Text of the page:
Area Forecast Discussion
Issued by NWS Raleigh/Durham, NC

Home | Current Version | Previous Version | Text Only | Print | Product List | Glossary On
Versions: 1 2 3 4 5 6 7 8 9 10 11 12 13 14 15 16 17 18 19 20 21 22 23 24 25 26 27 28 29 30 31 32 33 34 35 36 37 38 39 40 41 42 43 44 45 46 47 48 49 50
FXUS62 KRAH 261420

Area Forecast Discussion
National Weather Service Raleigh NC
1020 AM EDT Sat May 26 2018

High pressure centered over the western Atlantic will extend
westward across the Carolinas through Sunday. Deep southerly flow
between Subtropical Storm Alberto and high pressure over the western
Atlantic will transport tropical moisture north into the area late
Sunday night through mid to late week, resulting in periods of
moderate to to heavy rain.


As of 1020 AM Saturday...

Latest surface analysis shows a ridge of high pressure established
in the western Atlantic with a general south to southwesterly flow
across the Carolinas. Further aloft, a narrow ridge of high pressure
extends northwest from the subtropical Atlantic to near the Carolina
coast. Further west, a trough is noted from the Great Lakes region
south into the Tennessee Valley and then into the Gulf of Mexico to
near Alberto.

Given a deep layer southerly flow, the air mass across central NC
has become quite moist with PW values ranging between 1.7 and 1.9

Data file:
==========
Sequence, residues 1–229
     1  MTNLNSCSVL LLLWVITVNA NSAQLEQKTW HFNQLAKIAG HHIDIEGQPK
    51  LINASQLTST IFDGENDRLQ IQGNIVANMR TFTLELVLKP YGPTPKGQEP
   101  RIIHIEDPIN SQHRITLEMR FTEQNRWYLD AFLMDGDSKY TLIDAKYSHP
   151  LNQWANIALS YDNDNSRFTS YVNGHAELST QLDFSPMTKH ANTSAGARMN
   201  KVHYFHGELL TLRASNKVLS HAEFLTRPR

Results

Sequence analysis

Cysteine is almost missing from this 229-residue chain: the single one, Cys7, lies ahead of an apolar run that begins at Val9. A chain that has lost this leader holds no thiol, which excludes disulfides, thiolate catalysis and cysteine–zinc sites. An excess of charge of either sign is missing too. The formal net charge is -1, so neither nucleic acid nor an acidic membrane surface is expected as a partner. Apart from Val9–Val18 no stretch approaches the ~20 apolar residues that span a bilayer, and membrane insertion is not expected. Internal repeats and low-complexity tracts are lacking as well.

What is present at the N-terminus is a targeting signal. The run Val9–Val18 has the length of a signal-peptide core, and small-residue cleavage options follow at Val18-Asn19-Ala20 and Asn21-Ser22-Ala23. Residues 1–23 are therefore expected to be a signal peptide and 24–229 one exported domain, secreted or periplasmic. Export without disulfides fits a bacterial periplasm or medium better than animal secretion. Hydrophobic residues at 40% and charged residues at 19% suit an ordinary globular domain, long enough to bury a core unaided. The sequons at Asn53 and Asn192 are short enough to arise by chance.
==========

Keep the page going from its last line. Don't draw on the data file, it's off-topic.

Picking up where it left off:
inches. Low level moisture has also increased, resulting in the
development of fairly widespread stratus across the area. A well
defined short wave, located across the NC Foothills/western Piedmont
is generating an area of rain and rain showers that is moving
northeast and will spread rain across the western Piedmont and
Triad. After this transient feature moves across the area, more
typical diurnally forced convection is expected this afternoon and
evening with convection focused across the Piedmont and to a lesser
extent in the southeast near the sea breeze. With little sustainable
forcing, weak to moderate instability and limited shear, no severe
thunderstorms are expected but locally heavy rain is possible given
the high PW and slow storm motion.

Temperatures should range near normal, with highs settling in the
low to mid 80s afternoon, and lows remaining near 70 degrees
overnight into early Sunday morning. -Blaes

As of 330 AM Saturday...

Sunday will provide a brief reprieve from the unsettled weather
pattern, as central North Carolina finds itself between a
frontal zone to the north and the developing tropical system
Alberto to the South. Temperatures will rise into the mid to
upper-80s during the afternoon, with a few stray showers/storms
possibly sneaking south of the VA/NC border, or east of the
Blue Ridge Mountains, as the frontal zone becomes more active
by late afternoon. Most areas will remain dry and under broken
skycover Sunday.


As of 330 AM Saturday...

Following a weakness between a pair of prominent ridges over the
Central US and off the SE coast, Subtropical Storm Alberto is
forecast to track NNW, making landfall along the Mobile/Florida
Panhandle late Monday, and will proceed slowly north through the
Deep South and Tn Valley through midweek, before eventually becoming
absorbed by the westerlies as it lifts into the Ohio Valley and